Drone operator registration in the UK
From November 5th 2019 anyone responsible for flying a drone weighing between 250g and 20kg will need to register as an operator.
How much does it cost to register as a drone operator?
It costs £9 every year. You will have to pay this every year. There is no refund for cancelling part way through a year.
Who has to register to fly a drone?
- Anyone responsible for a drone over 250g will have to register as an operator and get an Operator ID
- Anyone flying a drone over 250g will need to pass an online test to get a Flyer ID
- If you want to fly your own drone, you must register as an operator and take the test as a flyer
- If you want to fly someone else’s drone you must pass the test as a flyer
- If you want to let someone else fly your drone, they must pass the flyer test
The “responsible” person is usually the person who owns a drone.
Do children have to register to fly drones?
Yes, it applies to children. If you own a drone you cannot let a child fly it until they have passed the online test. If your child has a drone they must take the flyer test. You must be over 13 to register as a flyer, so parents of children under 13 must register them for the flyer test.
You must be over 18 to register as an operator, so parents will have to register as the operator in order for their child to fly a drone. You can choose to register as a non-flying operator.
Do I have to pass an exam to qualify as a drone operator?
Yes, even for personal hobby use you will have to pass an online test, but don’t worry – you can take it as many times as needed until you pass, it’s free, and it is part of an “education package” that teaches you all the rules you need to know. There are some example questions lower down this page.
How do I register as a drone operator in the UK?
- Register at https://register-drones.caa.co.uk/
- Pay £9 every year
- Complete the education package and pass the free online test
- Re-take the test every 3 years
- Label your drone with your operator number
Which drones are over 250g?
The new Mavic Mini is officially 249g, so you won’t have to register it. Most toy drones that you may have bought for £20 off amazon are going to be less than 250g.
Here are the weights of some popular drones in grams:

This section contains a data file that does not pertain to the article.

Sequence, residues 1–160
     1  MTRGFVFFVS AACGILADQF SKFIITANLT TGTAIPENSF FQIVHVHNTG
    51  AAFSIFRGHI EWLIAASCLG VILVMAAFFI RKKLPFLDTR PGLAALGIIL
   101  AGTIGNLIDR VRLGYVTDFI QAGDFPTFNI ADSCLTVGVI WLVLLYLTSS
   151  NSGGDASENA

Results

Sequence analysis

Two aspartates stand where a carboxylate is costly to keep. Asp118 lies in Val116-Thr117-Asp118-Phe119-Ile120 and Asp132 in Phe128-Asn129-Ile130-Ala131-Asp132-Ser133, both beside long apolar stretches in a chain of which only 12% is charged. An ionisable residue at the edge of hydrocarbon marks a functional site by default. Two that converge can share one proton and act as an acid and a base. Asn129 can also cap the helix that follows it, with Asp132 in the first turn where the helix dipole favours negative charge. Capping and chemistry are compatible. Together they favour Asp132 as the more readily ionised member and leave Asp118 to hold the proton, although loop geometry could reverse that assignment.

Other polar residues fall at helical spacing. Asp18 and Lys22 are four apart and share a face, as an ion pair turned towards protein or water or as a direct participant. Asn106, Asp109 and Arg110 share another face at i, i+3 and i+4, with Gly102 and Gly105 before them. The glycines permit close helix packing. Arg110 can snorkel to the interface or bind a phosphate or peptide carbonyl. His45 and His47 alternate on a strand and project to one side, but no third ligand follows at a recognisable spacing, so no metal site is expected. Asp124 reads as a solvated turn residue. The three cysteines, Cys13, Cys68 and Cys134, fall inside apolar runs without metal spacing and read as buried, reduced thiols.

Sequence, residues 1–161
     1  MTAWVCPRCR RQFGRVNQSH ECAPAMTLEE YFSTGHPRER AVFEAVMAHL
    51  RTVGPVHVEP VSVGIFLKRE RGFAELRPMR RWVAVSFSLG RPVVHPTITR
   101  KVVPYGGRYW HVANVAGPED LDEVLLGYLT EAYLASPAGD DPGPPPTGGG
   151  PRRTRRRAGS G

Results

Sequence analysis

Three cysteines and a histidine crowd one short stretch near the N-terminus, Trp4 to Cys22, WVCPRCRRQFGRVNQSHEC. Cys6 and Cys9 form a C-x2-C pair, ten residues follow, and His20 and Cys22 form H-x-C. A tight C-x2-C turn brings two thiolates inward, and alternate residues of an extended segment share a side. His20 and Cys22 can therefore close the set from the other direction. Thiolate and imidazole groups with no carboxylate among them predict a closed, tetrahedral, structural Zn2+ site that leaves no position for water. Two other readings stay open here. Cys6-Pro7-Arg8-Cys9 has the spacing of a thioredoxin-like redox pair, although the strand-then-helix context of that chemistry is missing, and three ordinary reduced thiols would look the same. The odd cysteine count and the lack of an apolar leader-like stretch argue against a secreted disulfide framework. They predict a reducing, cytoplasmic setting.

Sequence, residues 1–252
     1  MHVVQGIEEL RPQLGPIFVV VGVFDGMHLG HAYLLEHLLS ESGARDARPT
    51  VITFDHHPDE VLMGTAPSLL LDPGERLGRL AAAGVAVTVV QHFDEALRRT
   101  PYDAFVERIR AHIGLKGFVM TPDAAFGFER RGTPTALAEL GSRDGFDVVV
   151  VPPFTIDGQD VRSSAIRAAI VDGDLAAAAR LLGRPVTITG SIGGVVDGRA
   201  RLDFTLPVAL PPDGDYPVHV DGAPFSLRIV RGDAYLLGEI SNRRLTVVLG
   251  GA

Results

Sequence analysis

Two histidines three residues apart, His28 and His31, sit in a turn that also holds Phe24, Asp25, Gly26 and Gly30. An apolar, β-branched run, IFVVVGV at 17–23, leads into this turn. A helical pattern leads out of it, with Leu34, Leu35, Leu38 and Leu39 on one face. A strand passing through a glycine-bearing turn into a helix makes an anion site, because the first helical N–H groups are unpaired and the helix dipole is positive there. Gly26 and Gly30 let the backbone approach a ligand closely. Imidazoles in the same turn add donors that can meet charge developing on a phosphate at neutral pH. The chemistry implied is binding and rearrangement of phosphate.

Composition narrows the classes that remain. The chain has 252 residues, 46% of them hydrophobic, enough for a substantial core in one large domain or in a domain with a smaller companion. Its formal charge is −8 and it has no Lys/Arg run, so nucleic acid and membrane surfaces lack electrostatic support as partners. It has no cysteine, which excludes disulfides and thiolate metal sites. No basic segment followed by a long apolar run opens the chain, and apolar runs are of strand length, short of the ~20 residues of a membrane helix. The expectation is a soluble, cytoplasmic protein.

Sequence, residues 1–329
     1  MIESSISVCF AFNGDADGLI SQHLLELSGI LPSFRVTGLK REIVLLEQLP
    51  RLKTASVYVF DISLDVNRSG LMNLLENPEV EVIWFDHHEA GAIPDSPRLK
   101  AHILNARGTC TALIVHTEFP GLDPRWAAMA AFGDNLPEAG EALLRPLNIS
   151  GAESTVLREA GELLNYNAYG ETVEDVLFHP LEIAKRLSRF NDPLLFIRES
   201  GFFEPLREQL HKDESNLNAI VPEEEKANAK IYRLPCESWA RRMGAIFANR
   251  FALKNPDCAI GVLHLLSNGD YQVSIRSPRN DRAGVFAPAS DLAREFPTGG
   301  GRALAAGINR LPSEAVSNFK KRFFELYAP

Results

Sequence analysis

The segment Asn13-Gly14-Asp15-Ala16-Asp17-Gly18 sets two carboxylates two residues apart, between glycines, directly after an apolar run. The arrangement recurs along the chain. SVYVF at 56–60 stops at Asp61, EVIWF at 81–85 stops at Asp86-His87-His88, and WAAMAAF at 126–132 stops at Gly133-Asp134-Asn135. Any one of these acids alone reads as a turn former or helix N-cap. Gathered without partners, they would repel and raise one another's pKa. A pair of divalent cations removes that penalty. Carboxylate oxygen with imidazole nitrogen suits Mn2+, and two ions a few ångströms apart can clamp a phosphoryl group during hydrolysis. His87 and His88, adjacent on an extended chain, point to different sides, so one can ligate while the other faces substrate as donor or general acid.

|DJI Mavic 2 Pro||907g||Yes|
|DJI Mavic Mini||249g||No|
|DJI Mavic Air||430g||Yes|
|DJI Mavic Pro||734g||Yes|
|DJI Phantom 4 Pro V2||1375g||Yes|
|Parrot Mambo FPV||73g||No|
|Parrot Bebop 2||390g||Yes|
How do I take the drone flyer test?
- Read the Drone and Model Aircraft Code
- Go to https://register-drones.caa.co.uk/individual/register-and-take-test-to-fly
- Click “Start now”
- Enter your email address – You will be sent a verification code which you must enter in order to proceed
- Choose whether you want an Operator ID for £9 or just the Flyer ID for free
- Click “Start the test” – Make sure you have read the Drone and Model Aircraft Code first or you’re just wasting your time
There are 20 multiple choice questions and the pass mark is 16. You have 20 minutes to take the test. It is done online.
You can then pay by credit or debit card. When your payment is complete you will see a screen showing your Flyer ID and Operator ID, along with expiry dates. They will also be sent to the email address you gave.
How hard is the UK drone flyer test?
The questions are multiple choice. They require you to know the rules such as how high you are allowed to fly and distances you must keep away from people when flying. The questions are mostly common sense. If you read the question carefully, read all the possible answers carefully, and pick the answer that makes most sense, you will almost certainly pass first time.
There are no complex questions about how to fly a drone. The questions are only about the rules you should follow and how to stay safe.
Everything you need to know to pass the test is in the Drone and Model Aircraft Code. There are 4 web pages you must read, which will take you about 15 minutes. You should also know the rules about who has to register as a drone operator or flyer.
What are the questions on the UK drone operator test?
Here are some example questions from the UK drone operator and flyer registration test. Many are simple factual questions, and if you have any common sense then the correct answer will be obvious, as long you read the question carefully:
- Why should you keep your drone’s built-in software (firmware) up to date?
- When do you need permission from an airport to fly a drone or model aircraft?
- How could you check if there are any restrictions on whether you can fly at a particular place?
- When must you have insurance for flying your drone or model aircraft?
- Max flies his drone behind a group of tall trees. His drone is out of sight until it comes out the other side. Is this safe?
Some questions will present a scenario – “3 friends go to a field near an airport to fly” – and ask you to choose which “friend” is correct – “Tom says we can fly up to 150m”. “Bill says we have to check if the field is in a restricted zone”. Ignore all the “group of friends” nonsense. This example is simply asking about the rules for flying near airports.
If I have multiple drones how many times to I have to register?